Creating a COVID-19 Restaurant Playbook: Where to Begin

    These are the main factors you should consider when creating new restaurant protocol.

    Burger King exterior in London.
    Unsplash/Chloe Evan
    Foot traffic will come back. It already is.

    How do you prepare for something that's never happened before? That's a difficult question to answer. "How prepared were you for this pandemic?" might be a better one. While we can endlessly pontificate on the way the virus has changed our world, if we're going to move forward, we have to learn from it. 

    As we see signs of reopening, it's essential to translate these experiences into our new restaurant handbooks, aka our playbooks for the future. These documents contain the protocols and procedures that we consult in hectic times. If you think this is a small measure, think again. This Hong Kong restaurant decided that to keep their 30-site operation going, they'd develop a stringent COVID-19 rulebook, dictating everything from table spacing to temperature checks. More than half of the procedures outlined in their plan have now become government mandates across Hong Kong.

    This article doesn't present a comprehensive list of corona-proofing your restaurant. All operations run with different variables in play, from the hours of operation to the building's location. Still, these are the main factors you should consider when creating a new restaurant protocol in a world reshaped by COVID-19.

    Audit Your Restaurant for High-Risk Areas 

    COVID-19 has upended everything as we know it, from the most granular industries to the economy at large. To truly prepare your restaurant, you have to give it a comprehensive look-over to determine how to prevent the virus from spreading. Some things to consider include:

    • What are your "high risk/high-touch" areas?
    • Think about the various surfaces that guests and staff, must touch throughout a regular day.
    • What are the x-factors (i.e., the factors you can't control) in your restaurant?
    • How can you “get ahead” of them?
    • Where do food and people intersect the most?
    • What are the entrances to your restaurant?
    • What are the areas of your restaurant in which outside bacteria can get in?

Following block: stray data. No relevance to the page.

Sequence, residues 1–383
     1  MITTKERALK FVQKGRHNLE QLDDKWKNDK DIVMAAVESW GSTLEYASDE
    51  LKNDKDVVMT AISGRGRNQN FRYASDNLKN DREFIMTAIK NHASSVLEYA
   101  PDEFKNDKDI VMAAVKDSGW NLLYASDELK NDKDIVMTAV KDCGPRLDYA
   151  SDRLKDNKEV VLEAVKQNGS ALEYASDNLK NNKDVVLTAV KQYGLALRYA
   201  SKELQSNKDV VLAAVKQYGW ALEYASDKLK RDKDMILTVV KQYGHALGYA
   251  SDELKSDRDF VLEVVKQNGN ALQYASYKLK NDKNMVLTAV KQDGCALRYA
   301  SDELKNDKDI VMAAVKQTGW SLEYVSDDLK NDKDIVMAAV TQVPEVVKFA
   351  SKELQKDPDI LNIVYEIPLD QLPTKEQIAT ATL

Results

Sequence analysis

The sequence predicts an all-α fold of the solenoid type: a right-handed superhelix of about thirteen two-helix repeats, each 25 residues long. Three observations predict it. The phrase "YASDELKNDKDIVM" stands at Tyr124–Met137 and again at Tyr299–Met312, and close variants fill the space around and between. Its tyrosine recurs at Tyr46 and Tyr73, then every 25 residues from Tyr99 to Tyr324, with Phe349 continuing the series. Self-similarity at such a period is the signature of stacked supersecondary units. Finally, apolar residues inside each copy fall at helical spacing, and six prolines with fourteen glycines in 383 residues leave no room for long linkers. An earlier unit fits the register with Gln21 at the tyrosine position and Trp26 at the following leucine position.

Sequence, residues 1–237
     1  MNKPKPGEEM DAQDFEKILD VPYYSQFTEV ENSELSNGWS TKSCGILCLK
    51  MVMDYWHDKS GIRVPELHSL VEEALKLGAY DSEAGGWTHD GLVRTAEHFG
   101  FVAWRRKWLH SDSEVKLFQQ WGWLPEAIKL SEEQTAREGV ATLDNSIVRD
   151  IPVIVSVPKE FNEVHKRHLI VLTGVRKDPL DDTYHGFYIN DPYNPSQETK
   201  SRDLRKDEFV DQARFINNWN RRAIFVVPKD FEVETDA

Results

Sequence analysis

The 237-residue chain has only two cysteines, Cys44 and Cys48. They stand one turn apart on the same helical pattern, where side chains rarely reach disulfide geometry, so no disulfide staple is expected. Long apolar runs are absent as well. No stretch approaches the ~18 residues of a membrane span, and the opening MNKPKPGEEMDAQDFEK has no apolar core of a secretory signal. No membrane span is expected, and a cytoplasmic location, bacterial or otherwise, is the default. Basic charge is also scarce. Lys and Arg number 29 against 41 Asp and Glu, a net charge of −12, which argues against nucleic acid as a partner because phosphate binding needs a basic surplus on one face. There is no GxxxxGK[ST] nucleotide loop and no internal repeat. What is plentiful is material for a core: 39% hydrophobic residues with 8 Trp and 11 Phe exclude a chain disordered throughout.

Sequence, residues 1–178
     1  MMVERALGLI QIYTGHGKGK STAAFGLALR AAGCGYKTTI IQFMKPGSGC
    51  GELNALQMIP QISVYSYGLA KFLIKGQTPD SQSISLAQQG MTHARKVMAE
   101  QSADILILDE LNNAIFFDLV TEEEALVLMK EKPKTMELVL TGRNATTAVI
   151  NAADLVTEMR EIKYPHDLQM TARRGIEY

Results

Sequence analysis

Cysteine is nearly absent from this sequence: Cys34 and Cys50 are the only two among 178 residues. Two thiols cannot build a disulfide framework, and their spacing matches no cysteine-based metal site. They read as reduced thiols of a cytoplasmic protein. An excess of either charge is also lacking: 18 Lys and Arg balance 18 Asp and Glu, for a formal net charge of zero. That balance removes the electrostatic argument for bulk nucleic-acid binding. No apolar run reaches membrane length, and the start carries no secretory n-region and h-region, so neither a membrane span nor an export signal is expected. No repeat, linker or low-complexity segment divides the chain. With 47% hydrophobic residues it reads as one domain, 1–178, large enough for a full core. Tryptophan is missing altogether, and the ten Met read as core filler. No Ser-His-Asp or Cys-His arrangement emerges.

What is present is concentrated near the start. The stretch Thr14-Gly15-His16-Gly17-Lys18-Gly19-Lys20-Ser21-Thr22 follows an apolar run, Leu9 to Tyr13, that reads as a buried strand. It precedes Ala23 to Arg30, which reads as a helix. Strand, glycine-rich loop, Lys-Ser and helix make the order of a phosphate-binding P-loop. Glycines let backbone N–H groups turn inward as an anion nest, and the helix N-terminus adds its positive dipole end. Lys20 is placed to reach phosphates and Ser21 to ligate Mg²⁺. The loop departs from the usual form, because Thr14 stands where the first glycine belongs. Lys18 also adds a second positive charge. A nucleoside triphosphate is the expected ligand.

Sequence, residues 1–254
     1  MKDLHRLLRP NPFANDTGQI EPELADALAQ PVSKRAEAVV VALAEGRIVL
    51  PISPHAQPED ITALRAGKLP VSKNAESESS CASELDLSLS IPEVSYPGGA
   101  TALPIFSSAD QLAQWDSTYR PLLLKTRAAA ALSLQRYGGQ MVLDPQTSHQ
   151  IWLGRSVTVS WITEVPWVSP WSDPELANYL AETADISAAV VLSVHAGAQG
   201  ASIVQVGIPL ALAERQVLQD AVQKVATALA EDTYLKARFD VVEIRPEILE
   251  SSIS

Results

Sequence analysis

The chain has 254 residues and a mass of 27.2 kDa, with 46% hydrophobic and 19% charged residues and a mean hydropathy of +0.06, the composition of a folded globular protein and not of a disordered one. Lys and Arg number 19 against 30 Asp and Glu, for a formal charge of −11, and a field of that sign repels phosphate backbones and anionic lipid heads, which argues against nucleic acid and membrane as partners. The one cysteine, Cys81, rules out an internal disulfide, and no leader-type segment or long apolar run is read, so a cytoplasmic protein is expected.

Mitigate Those Areas

    Once you've identified the areas that present the highest risk, your plan should outline how to counteract them.

    Payments—The payment from a guest to a server is one process that we'll see forever changed across retail and hospitality. More than ever, contactless solutions, such as those presented through ordering ahead, will have new appeal. You'll still have guests that pay with a card and cash, so establish a sanitizing protocol there (more on this later). Remember to do the same if you employ self-service kiosks. These devices minimize the contact between servers and guests, but still present opportunities for viral spread because many people touch them.

    Food handoff—Whether it's for delivery or pickup, anything "contactless" is the way to go. How you get the food to the guest doesn't need to be complicated. Typically, it's best to decide upon somewhere to place the food for the guest to come and retrieve.

    Using separate equipment—kitchen staff should use individual equipment to minimize the chance of spread and contact between parties.

    Table distancing—When dine-in becomes a reality, social distancing rules advise for maintaining 6 feet of distance between people at all times. Social distancing applies to tables, as well as areas of your restaurant that are prone to lines or queues, like the checkout.

    Plastic Guards—This should have been a given long before the pandemic, but in case, ensure you have any food that's out, like a buffet setting, protected by a non-porous plastic guard (sometimes called "sneeze guards"). Be sure to wipe these guards regularly.